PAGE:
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Tooth implants - Background information

Synthetic tooth roots made from titanium
Even our ancestors were resourceful enough to be able to replace a tooth. In ancient China teeth were carved from ivory, the Estruscans developed track-like platforms from gold or silver onto which they secured animal teeth – this was perhaps the beginning of the denture. However, the one disadvantage which these ‘antique’ tooth replacements had was that they were generally all very unstable and could only withstand biting and chewing to a certain degree.

Whether 3000 years ago or today: losing a tooth is a pain. Those concerned can no longer chew as before and often the overall aesthetics are affected. Thanks to the massive development in modern dentistry nobody has to go without a ‘functional’ denture.

For a long time one has known about methods and ways to replace a tooth, or more specifically the tooth’s crown. Bridges, part or complete dentures can be seen in ‘everyone’s mouth’ and can, in many cases, be very satisfactory. This particular method of tooth replacement has, however, a disadvantage: although the tooth’s crown has been replaced, the root hasn’t.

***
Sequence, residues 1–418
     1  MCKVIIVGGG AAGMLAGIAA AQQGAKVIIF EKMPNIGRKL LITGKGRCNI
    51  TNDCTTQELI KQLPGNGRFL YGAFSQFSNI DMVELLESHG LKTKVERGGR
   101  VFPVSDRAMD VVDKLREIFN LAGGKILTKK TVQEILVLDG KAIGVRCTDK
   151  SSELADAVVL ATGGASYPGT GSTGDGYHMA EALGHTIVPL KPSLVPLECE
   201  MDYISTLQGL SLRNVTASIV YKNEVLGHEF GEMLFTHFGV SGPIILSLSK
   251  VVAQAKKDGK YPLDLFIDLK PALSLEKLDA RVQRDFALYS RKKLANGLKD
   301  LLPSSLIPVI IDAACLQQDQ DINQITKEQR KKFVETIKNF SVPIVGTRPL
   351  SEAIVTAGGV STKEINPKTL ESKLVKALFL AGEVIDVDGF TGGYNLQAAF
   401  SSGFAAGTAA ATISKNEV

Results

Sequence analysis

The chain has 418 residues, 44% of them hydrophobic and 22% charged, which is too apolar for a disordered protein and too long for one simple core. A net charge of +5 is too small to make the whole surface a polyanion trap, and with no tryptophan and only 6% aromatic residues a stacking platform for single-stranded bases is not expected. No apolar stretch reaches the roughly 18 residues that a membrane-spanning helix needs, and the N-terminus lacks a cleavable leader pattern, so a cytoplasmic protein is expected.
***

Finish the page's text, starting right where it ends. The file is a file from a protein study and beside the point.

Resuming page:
If the root is missing, the jawbone will degenerate
The root of the tooth serves a very important function: on the one hand it supports the tooth and on the other it transfers the pressure from chewing onto the jawbone. This is very important, as the jawbone needs this stimulation in order to remain strong. As a muscle, the jawbone requires a regular ‘workout’ to stay ‘fit’. Just three months after having lost teeth, the bone retracts considerably, because the stimulating function from the pressure of chewing is missing. But there is no reason to worry, as even at this stage a synthetic root can be placed. Anchored into the jaw, they ensure that no more of the vital bone is lost.

Should the root not be replaced, the degeneration of the jawbone slowly continues. If the bone also has to carry the pressure of a denture, the process is further encouraged. The end result can be the unwanted change to the face’s structure; people with shrunken jawbones look older than they really are. Synthetic titanium roots – this being the correct description for tooth implants – can successfully counteract this development.

Tooth implants fulfil the wishes of many people: permanent false teeth. Whether it is about replacing one tooth as carefully and ‘invisibly’ as possible, where there are no longer healthy neighbouring teeth, to insert an implant anchored bridge or to give a denture a firm and safe hold with implants. Many patients consider implants to have given them a new quality of life.

What exactly is a tooth implant?
An implant, a synthetic tooth root, is usually a screw or cylinder form made out of titanium. This cylinder is placed in the upper or lower jaw, allowed to integrate with the bone and serves to attach the tooth replacement, like for instance a crown, bridge or denture.